Setting Pole dam outside Tupper to be inspected

Water rushes through the Setting Pole Dam in the fall of 2018. (Enterprise photo — Aaron Cerbone)

TUPPER LAKE — The Tupper Lake town board decided to hire a diver to inspect the Setting Pole Dam gate, which has been “sticky” lately at its Thursday meeting.

The board was also complimented by Tupper Lake Free Press Publisher Dan McClelland during the meeting’s public comment section.

“I’d like to thank (Town Supervisor Pattie Littlefield) and the board, in general, for getting ahead of the flood season,” McClelland said.

He said he was down at the dam on the east side of town in early March and the water was below the spillway.

Town Councilman John Quinn said he was at the dam Wednesday and that gates were “wide open,” letting water, which raises the level of Raquette Pond, Simond Pond and Tupper Lake because of snow melt in the High Peaks. It allows it to flow freely east, out of town. Quinn said there was 6 to 8 inches coming over spillway. Councilman Mike Dechene said he heard from a lake resident, Bill Lewis, that the water had risen a foot in the past week.

The spillway is 1,544 feet in elevation. There are two state supreme court rulings setting the lowest allowable lake elevation at 1,543 feet and the maximum elevation at 1,545 feet, creating a 2-foot window between the two.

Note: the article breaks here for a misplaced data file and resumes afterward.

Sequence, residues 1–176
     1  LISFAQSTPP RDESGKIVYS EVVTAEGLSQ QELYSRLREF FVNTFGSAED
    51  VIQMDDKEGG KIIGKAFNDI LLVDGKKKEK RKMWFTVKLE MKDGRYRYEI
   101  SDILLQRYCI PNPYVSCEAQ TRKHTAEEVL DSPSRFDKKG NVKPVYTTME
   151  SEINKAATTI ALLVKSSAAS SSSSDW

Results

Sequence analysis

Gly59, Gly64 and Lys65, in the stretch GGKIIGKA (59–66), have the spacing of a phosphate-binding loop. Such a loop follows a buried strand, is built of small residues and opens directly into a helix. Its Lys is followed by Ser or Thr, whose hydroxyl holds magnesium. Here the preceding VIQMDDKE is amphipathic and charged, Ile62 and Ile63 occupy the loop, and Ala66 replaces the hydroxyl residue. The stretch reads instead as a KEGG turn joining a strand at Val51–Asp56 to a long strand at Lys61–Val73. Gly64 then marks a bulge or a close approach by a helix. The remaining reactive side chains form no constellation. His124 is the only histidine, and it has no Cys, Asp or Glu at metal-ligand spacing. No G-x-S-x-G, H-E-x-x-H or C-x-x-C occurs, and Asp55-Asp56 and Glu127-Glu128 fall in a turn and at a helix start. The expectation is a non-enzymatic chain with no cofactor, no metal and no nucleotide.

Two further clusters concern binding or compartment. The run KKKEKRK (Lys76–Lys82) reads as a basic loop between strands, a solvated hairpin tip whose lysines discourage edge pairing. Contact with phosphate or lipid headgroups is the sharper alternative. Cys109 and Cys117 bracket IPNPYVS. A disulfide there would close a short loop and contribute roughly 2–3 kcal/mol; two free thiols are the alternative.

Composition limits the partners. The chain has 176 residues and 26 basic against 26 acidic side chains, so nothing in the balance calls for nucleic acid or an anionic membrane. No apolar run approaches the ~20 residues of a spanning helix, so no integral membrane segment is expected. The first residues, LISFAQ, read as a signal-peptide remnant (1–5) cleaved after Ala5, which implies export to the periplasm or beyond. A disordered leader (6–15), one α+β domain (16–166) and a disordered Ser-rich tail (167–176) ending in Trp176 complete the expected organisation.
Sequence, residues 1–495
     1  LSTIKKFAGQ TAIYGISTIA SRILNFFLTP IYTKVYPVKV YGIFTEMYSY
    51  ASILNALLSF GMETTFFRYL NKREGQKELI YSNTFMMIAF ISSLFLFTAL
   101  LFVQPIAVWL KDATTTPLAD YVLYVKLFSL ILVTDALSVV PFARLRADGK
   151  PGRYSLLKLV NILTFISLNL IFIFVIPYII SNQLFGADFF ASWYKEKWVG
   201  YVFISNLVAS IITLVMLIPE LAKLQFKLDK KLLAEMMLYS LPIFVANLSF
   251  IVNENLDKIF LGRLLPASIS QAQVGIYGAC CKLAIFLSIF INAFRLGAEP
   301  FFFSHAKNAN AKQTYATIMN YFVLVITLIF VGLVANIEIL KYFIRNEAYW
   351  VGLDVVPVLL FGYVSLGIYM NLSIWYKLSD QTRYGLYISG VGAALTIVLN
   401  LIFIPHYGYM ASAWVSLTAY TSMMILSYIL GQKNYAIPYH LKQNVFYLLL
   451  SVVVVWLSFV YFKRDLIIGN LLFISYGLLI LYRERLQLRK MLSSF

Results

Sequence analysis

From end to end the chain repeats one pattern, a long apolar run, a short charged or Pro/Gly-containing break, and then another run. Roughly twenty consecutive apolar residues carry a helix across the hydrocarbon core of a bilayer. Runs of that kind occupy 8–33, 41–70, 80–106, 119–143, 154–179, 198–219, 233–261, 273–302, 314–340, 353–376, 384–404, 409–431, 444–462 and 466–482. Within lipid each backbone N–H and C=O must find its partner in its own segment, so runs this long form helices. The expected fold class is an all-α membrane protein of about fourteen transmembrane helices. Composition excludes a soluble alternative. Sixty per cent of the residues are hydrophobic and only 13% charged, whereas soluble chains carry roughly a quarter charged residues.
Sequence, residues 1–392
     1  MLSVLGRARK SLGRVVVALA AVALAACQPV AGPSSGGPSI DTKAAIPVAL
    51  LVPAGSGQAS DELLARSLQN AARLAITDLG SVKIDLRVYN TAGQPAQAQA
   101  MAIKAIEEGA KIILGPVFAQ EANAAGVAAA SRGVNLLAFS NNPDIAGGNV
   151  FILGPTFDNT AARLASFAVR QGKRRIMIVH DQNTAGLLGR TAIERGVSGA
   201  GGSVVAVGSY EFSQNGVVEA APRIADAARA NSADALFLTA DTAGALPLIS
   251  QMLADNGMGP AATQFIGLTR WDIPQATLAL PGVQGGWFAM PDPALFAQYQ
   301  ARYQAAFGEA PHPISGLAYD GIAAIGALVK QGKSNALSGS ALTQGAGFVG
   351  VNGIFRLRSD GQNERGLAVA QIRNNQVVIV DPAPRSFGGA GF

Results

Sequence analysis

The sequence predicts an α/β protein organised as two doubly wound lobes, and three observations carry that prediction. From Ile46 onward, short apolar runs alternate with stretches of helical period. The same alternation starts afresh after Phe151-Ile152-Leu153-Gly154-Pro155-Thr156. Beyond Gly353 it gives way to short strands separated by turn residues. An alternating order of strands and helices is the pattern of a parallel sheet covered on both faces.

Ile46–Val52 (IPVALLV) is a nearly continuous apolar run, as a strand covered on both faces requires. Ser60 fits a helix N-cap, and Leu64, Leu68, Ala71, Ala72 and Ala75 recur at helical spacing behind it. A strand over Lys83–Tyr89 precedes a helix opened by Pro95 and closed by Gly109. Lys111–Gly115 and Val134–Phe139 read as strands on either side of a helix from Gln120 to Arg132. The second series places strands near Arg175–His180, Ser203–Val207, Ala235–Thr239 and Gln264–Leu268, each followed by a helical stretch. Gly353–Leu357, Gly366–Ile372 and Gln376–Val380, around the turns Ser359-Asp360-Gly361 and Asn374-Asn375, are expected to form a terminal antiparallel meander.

Littlefield said the town is not supposed to keep the water less than a foot below 1,543 feet until April 1, then it can drop lower. She said when the water rises, the gates rise as well.

The water level is a fine line for the town to control, not wanting the level to rise to flooding levels, but also not wanting it to drop too low for boats.

“I worry about the ice constantly,” Littlefield said. “Brookfield is really good to work with.”

Brookfield Renewable power company recently also suggested the town get a quote from Hunt Underwater Specialty to do a sub-service inspection of the Setting Pole Dam gate, which has been sticky lately. The quote came to $2,920.

Littlefield said the issue is minor and there’s nothing for residents to worry about.

“People were getting carried away with that when I said that,” Littlefield said. “I’ve heard people go ‘Oh, your gates aren’t working.’ The gates are working fine; the first gate is a bit sticky is all.”

Littlefield said the company would actually have done the inspection in January — diving under the ice — but Brookfield suggested doing it when all the water is back to normal levels. She said the inspection should occur at the end of May.

“It’s one of those things where you’re almost afraid to ask the question because who knows what they might find,” Quinn said after he made a motion to approve the quote.

“I said that today, too,” Littlefield said. “He said, ‘It still doesn’t release you from the liability of what you don’t know.'”

She also said retired Department of Environmental Conservation specialist engineer Dominic Fontana will look at the dam foundation and give an opinion on its condition to the board. Dominic is Councilwoman Mary Fontana’s father.

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